IDEAS home Printed from https://ideas.repec.org/
MyIDEAS: Login to save this paper or follow this series

The Use of Voluntary Approaches for Environmental Policymaking in the U.S

  • Keith Brouhle
  • Charles Griffiths
  • Ann Wolverton

The use of voluntary approaches to achieve environmental improvements has grown dramatically in the United States since they were first introduced thirteen years ago. As of 2004, there are over 50 voluntary programs in the U.S. at the federal level alone. These programs take a variety of forms, from large, cross-industry efforts to reduce global climate impacts to smaller, “boutique” efforts aimed at specific industrial sectors. Other voluntary approaches used in the U.S. include negotiated agreements, industry-initiated unilateral commitments, and state and regional voluntary initiatives, but these tend to be used less regularly. Despite the diversity of voluntary approaches in the U.S., they often pursue common, and sometimes overlapping environmental objectives and use similar methodologies to achieve such goals. While most voluntary initiatives in the U.S. state an explicit environmental goal, they may also have less direct policy objectives such as enhancing innovation or increasing awareness of environmental issues. In addition, information about firm participation or environmentally responsible products and products is sometimes shared with consumers. Many argue in favor of the increased use of voluntary approaches in environmental policymaking on the basis of environmental effectiveness, economic efficiency, reductions in government administrative, monitoring and enforcement costs, increases in environmental awareness, and encouragement of innovation. Few programs have been evaluated properly on the basis of these objectives, however. The empirical literature sheds little light on the value of voluntary approaches in achieving goals set by U.S. environmental policy. The difficulty in evaluating voluntary approaches lies in sorting through the myriad of programs, identifying a discernible environmental goal, gathering adequate data for analysis, and measuring achievement of the environmental goal relative to a reasonable baseline scenario.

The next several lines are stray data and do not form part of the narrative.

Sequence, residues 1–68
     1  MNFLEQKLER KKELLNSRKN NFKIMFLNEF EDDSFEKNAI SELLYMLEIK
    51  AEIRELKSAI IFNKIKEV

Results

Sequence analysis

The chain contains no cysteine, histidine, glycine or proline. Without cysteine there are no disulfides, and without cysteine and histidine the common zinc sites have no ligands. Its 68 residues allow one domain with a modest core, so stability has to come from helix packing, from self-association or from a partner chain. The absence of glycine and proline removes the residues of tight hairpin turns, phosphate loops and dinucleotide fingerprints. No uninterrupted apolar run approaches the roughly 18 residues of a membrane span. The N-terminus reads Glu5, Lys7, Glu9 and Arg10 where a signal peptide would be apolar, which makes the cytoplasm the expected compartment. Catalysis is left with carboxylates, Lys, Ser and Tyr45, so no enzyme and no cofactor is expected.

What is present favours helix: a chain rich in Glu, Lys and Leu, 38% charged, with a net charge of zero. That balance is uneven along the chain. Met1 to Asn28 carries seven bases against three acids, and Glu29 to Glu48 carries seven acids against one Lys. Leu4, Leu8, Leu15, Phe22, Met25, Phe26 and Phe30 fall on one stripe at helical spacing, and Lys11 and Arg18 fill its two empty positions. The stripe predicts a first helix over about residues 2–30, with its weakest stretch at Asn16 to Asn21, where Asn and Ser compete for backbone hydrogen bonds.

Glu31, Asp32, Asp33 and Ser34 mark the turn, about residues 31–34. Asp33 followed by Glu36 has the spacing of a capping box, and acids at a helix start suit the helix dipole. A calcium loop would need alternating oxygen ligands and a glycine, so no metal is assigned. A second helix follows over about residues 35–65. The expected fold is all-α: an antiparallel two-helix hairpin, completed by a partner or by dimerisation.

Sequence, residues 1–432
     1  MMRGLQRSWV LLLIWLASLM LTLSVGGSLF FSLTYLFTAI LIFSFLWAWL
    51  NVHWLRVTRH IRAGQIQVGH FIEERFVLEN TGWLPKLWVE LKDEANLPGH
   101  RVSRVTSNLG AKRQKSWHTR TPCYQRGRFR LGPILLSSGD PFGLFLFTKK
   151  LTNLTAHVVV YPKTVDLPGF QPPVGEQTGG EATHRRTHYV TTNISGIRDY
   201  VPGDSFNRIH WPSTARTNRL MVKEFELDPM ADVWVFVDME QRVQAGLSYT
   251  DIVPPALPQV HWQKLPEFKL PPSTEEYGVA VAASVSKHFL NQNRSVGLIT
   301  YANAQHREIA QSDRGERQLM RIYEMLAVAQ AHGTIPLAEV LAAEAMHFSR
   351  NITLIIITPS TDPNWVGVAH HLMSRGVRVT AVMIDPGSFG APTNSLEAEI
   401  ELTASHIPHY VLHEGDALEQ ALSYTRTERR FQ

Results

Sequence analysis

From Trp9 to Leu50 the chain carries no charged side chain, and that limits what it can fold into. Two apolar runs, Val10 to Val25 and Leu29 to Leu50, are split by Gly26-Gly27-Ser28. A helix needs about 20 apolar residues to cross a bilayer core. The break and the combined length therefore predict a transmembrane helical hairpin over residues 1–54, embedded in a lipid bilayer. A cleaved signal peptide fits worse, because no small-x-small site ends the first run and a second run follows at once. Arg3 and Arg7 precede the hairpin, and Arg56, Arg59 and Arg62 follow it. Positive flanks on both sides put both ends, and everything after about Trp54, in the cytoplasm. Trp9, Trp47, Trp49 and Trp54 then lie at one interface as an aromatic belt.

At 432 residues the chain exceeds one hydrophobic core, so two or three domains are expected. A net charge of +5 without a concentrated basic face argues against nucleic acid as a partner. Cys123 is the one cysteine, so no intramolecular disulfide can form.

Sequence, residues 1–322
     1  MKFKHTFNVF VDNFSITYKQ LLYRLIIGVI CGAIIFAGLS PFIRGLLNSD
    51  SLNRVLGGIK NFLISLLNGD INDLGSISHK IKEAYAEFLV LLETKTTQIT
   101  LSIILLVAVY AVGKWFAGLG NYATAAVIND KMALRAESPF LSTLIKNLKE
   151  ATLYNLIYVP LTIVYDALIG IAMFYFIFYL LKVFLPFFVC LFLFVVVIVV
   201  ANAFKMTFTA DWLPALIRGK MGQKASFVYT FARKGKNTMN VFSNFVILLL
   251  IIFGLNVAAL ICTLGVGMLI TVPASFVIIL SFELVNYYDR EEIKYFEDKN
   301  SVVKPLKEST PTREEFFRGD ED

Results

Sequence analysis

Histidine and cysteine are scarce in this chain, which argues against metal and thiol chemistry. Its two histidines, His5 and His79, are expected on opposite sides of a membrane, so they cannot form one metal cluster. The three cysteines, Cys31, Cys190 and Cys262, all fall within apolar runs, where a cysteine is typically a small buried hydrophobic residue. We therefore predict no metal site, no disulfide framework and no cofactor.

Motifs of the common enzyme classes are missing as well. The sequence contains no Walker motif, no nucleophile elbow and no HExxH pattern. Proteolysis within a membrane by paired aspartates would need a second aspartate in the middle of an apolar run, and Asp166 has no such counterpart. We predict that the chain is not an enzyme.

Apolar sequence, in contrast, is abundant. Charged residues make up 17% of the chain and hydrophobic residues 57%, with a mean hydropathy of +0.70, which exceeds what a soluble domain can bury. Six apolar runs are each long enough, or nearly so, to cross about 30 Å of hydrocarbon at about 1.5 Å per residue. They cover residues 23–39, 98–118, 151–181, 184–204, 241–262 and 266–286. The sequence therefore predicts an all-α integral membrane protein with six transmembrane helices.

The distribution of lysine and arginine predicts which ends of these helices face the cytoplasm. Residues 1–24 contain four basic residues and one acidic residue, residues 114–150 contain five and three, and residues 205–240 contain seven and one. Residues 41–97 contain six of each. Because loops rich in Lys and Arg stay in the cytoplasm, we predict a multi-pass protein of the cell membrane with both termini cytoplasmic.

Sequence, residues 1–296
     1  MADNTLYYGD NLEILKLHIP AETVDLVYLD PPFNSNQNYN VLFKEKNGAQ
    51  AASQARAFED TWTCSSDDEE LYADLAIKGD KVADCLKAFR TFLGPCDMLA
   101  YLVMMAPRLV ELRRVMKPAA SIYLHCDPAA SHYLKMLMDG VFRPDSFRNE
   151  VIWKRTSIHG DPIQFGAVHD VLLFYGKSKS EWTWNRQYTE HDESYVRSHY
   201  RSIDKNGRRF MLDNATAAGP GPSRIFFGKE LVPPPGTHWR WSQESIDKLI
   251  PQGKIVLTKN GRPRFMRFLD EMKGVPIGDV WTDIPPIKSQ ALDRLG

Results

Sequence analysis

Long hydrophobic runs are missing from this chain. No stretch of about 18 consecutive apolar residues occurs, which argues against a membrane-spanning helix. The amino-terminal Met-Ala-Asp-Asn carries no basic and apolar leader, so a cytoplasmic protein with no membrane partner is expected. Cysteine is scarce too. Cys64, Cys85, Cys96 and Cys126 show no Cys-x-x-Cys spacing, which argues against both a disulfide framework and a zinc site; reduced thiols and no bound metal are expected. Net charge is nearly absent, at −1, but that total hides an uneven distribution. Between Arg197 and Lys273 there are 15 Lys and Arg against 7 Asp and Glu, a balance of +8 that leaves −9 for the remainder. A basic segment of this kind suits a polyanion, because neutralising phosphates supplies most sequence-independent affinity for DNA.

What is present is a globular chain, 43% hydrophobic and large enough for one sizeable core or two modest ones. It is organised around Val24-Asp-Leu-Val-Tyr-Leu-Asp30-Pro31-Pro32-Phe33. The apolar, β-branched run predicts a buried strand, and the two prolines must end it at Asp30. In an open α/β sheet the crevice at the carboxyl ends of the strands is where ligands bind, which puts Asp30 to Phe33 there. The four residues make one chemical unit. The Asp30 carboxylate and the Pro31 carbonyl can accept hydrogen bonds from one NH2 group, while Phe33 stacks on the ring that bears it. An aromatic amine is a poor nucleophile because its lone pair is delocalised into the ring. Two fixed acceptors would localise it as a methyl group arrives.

If you experience problems downloading a file, check if you have the proper application to view it first. In case of further problems read the IDEAS help page. Note that these files are not on the IDEAS site. Please be patient as the files may be large.

File URL: http://yosemite.epa.gov/ee/epa/eed.nsf/WPNumber/2004-05/$File/2004-05.PDF
File Function: First version, 2004
Download Restriction: no

Paper provided by National Center for Environmental Economics, U.S. Environmental Protection Agency in its series NCEE Working Paper Series with number 200405.

as
in new window

Length: 52 pages
Date of creation: May 2004
Date of revision: May 2004
Handle: RePEc:nev:wpaper:wp200405
Contact details of provider: Postal: 1200 Pennsylvania Ave., N.W., Washington, D.C. 20460
Phone: 202-566-2244
Web page: http://yosemite.epa.gov/ee/epa/eed.nsf/webpages/homepage

More information through EDIRC

References listed on IDEAS
Please report citation or reference errors to , or , if you are the registered author of the cited work, log in to your RePEc Author Service profile, click on "citations" and make appropriate adjustments.:

as in new window
  1. Segerson, Kathleen & Miceli, Thomas J., 1998. "Voluntary Environmental Agreements: Good or Bad News for Environmental Protection?," Journal of Environmental Economics and Management, Elsevier, vol. 36(2), pages 109-130, September.
  2. Marvin J. Horowitz, 2004. "Electricity Intensity in the Commercial Sector: Market and Public Program Effects," The Energy Journal, International Association for Energy Economics, vol. 0(Number 2), pages 115-138.
  3. Shameek Konar & Mark A. Cohen, 2001. "Does The Market Value Environmental Performance?," The Review of Economics and Statistics, MIT Press, vol. 83(2), pages 281-289, May.
  4. Khanna, Madhu & Damon, Lisa A., 1999. "EPA's Voluntary 33/50 Program: Impact on Toxic Releases and Economic Performance of Firms," Journal of Environmental Economics and Management, Elsevier, vol. 37(1), pages 1-25, January.